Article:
King’s bid at de­tec­tive novel of­fers twist, turns

Calgary Herald - Calgary Herald New Condos - - Books - KIM CUR­TIS

Stephen King (Scrib­ner)

Mr. Mercedes is clas­sic Stephen King. Creepy, yet with real­is­tic char­ac­ters who get un­der your skin and stay there, a com­pelling story that twists and turns at break­neck speed and de­light­ful prose that, once again, proves one of the great nat­u­ral sto­ry­tellers is also among our finest writ­ers.

What’s billed as King’s first real de­tec­tive novel cap­tures the story of Mr. Mercedes, a killer son­amed be­cause he used a stolen car to plow through a group of hun­dreds stand­ing in line be­fore dawn to at­tend a job fair.

While the city is never named, it sounds like a Mid­west­ern work­ing-class “any­town” that’s seen bet­ter days. The killer escapes and be­comes the ob­ses­sion of re­tired cop Bill Hodges.

Chas­ing down Mr. Mercedes breathes new life into Hodges, who’d spent months in his La-ZBoy watch­ing bad day­time TV and con­tem­plat­ing sui­cide.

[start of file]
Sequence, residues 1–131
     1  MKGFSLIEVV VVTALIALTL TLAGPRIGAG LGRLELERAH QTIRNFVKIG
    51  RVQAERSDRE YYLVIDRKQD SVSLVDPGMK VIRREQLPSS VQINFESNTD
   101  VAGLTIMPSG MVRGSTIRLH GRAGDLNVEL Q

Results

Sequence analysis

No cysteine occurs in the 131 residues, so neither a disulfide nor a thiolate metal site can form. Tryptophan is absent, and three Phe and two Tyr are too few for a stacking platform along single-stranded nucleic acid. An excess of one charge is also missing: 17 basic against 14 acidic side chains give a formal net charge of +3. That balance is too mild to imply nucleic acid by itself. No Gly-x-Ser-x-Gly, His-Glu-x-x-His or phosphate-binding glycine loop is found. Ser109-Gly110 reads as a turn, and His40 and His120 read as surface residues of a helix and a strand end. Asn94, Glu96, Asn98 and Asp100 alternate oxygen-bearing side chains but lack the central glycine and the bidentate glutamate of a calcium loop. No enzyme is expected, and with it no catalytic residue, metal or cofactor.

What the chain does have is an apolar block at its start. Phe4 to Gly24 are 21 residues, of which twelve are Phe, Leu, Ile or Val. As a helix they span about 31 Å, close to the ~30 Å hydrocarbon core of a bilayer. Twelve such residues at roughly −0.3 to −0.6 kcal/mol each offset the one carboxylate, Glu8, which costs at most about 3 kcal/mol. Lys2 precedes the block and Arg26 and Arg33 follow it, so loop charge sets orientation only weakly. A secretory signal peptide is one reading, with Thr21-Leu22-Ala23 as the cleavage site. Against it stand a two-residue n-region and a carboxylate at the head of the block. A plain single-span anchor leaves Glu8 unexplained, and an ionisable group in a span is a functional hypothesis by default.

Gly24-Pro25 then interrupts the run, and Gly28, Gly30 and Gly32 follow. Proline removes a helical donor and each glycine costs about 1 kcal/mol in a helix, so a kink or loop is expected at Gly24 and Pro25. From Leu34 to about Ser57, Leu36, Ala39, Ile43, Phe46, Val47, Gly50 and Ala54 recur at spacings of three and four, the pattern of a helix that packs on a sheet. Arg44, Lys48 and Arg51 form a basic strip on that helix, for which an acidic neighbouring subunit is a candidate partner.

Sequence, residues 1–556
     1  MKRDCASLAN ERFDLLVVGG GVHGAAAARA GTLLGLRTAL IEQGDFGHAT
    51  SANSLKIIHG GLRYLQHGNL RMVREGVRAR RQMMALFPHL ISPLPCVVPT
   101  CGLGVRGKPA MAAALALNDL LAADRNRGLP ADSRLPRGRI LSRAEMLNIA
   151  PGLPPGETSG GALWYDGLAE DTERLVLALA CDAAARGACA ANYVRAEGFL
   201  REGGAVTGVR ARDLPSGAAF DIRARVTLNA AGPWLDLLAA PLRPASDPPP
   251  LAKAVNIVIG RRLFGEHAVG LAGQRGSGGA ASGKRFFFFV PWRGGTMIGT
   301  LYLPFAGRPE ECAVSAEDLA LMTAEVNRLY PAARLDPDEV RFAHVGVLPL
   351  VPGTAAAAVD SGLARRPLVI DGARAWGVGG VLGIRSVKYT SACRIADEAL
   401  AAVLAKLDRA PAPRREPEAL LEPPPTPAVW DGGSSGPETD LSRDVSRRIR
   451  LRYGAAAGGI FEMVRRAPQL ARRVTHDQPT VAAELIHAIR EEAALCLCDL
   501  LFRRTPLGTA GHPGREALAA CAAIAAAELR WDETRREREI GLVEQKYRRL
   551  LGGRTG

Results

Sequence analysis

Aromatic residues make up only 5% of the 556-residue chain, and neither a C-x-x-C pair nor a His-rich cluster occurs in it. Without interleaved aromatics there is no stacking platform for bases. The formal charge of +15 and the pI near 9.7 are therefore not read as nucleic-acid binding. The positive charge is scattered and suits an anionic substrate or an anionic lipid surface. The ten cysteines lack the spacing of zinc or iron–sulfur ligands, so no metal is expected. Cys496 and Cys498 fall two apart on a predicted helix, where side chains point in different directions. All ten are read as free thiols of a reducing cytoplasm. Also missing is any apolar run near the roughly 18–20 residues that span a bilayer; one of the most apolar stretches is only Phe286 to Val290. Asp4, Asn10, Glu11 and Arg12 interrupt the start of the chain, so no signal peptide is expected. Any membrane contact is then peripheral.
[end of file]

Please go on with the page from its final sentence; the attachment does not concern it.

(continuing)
Feel­ing use­ful again, Hodges en­lists the help of his only real friend, Jerome, the scary-smart, com­puter-savvy teenager who lives nearby and cuts Hodges’ grass. Their goal: to find Mr. Mercedes be­fore he kills again.

Mr. Mercedes rises above the stan­dard de­tec­tive-cen­tric, hunt­down-the-killer crime novel be­cause of its char­ac­ters and its well-timed, un­ex­pected ten­sion.

Mur­derer Brady Hartsfield is a fright­en­ing, racist so­ciopath who has an in­ap­pro­pri­ate re­la­tion­ship with his mother and drives an ice-cream truck part-time. Janey Pat­ter­son, the sis­ter of the Mercedes’ owner who be­comes Hodges’ girl­friend, is feisty, tough and mod­ern. It’s like a good Law & Or­der episode where the sup­port­ing cast is as in­te­gral to the story as the main char­ac­ters.

Mr. Mercedes

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